Smart electric vehicle (EV) charging can reduce the need for electricity network upgrades without impacting the charging habits of drivers.
That’s according to DriveElectric, which has conducted a three-year trial exploring the charging behaviours of 700 EV users and their attitudes towards smart charging, which it says can be used to manage charging away from peak electricity demand periods, such as between 5pm and 7pm on weekdays.
It says its results show that smart charging combined with time of use electricity tariffs can help manage the potential impacts of EVs on the domestic electricity network and save drivers money.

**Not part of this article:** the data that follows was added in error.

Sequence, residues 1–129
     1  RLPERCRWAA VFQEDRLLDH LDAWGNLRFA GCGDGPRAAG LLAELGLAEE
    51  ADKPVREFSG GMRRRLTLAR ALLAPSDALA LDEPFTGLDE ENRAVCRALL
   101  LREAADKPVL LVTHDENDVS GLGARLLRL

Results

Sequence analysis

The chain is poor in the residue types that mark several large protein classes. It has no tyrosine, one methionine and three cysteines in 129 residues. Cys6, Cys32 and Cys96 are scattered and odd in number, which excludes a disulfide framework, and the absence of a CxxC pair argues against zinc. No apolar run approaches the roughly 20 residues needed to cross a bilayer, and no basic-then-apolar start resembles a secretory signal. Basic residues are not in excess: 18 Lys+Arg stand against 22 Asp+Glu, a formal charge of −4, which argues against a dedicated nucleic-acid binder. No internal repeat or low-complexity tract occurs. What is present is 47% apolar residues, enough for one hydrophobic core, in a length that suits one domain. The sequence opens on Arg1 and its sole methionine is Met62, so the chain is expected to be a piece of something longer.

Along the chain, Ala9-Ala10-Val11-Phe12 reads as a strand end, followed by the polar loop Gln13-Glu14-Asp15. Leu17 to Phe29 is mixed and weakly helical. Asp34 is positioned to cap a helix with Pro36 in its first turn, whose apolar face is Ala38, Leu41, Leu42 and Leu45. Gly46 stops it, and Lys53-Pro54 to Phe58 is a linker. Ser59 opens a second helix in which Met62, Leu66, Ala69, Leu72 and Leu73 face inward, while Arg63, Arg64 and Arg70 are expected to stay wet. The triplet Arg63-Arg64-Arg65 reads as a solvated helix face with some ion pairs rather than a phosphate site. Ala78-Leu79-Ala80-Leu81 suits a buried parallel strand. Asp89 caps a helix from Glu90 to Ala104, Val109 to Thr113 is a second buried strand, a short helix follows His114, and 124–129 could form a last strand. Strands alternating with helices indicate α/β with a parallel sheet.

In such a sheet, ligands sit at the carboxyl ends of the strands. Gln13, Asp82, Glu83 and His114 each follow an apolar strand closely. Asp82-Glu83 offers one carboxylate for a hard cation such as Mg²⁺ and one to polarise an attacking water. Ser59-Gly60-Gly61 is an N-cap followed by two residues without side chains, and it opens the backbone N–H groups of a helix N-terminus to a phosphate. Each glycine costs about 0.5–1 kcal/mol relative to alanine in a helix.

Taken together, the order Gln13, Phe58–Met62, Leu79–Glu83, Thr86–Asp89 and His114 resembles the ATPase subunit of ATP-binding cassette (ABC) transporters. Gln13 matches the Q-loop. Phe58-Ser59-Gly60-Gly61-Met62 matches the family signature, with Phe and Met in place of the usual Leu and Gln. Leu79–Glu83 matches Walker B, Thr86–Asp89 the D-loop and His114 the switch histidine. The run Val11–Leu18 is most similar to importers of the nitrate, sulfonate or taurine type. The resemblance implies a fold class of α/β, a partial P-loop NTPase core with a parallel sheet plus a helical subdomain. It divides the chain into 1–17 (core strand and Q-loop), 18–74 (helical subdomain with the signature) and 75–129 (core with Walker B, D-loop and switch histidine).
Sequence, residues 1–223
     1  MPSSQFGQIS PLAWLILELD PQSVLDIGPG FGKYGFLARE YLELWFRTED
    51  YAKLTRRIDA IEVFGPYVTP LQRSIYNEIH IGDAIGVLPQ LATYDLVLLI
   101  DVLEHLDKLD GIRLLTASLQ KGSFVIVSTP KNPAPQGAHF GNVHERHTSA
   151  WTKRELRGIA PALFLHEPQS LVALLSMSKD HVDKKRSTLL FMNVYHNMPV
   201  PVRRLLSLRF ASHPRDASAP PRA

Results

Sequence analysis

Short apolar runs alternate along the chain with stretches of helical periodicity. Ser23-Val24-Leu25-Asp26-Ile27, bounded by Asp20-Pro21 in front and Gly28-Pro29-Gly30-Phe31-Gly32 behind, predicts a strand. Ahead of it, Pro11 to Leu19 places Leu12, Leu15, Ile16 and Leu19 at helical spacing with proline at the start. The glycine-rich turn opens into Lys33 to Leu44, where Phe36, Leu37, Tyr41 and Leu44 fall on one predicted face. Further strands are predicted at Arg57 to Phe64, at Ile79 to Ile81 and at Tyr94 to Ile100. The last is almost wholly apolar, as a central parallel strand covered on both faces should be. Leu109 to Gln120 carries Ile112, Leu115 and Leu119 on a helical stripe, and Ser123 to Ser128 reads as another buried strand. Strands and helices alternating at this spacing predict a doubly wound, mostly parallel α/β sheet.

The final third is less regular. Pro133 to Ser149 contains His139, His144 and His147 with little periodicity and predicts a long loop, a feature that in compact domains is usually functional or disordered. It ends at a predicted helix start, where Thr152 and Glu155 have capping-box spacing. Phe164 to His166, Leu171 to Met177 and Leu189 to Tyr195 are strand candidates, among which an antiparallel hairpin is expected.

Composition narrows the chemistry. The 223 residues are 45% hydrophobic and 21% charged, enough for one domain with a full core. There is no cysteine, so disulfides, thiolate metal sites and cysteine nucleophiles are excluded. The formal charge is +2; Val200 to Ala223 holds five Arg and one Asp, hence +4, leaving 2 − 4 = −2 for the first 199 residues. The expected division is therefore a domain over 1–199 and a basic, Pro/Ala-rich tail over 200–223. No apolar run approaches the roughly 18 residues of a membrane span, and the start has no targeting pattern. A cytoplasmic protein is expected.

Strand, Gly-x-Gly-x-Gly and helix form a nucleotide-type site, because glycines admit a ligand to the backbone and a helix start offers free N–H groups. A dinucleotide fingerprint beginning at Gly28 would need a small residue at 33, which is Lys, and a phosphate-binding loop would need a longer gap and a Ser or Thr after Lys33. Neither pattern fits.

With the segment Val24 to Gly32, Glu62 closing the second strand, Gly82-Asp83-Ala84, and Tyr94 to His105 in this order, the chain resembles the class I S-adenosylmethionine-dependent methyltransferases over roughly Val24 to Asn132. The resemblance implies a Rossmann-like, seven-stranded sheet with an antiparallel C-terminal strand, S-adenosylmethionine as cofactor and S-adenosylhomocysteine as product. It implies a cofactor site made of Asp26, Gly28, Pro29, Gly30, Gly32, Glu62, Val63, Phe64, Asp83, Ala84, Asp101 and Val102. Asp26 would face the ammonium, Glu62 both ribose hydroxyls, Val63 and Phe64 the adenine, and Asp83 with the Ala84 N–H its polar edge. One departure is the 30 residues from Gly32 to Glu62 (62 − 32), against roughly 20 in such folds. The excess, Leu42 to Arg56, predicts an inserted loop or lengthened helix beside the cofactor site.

On average, vehicles are plugged in for over 12 hours but they only take electricity for 1.5 hours in that time, showing there is sufficient flexibility to manage charging away from peak electricity demand periods.
The trial has also proven that managing demand from EVs through smart charging is technically feasible and that it is acceptable to the majority of trial participants.
DriveElectric notes incentives such as cheaper electricity rates at off-peak times appear to be highly effective at moving demand away from peak periods.
Mike Potter, Managing Director and Founder at DriveElectric, said: “The Electric Nation project shows that smart charging can help to reduce the load on the grid from EVs at peak times and there has been an overwhelming positive attitude towards smart charging from participants.”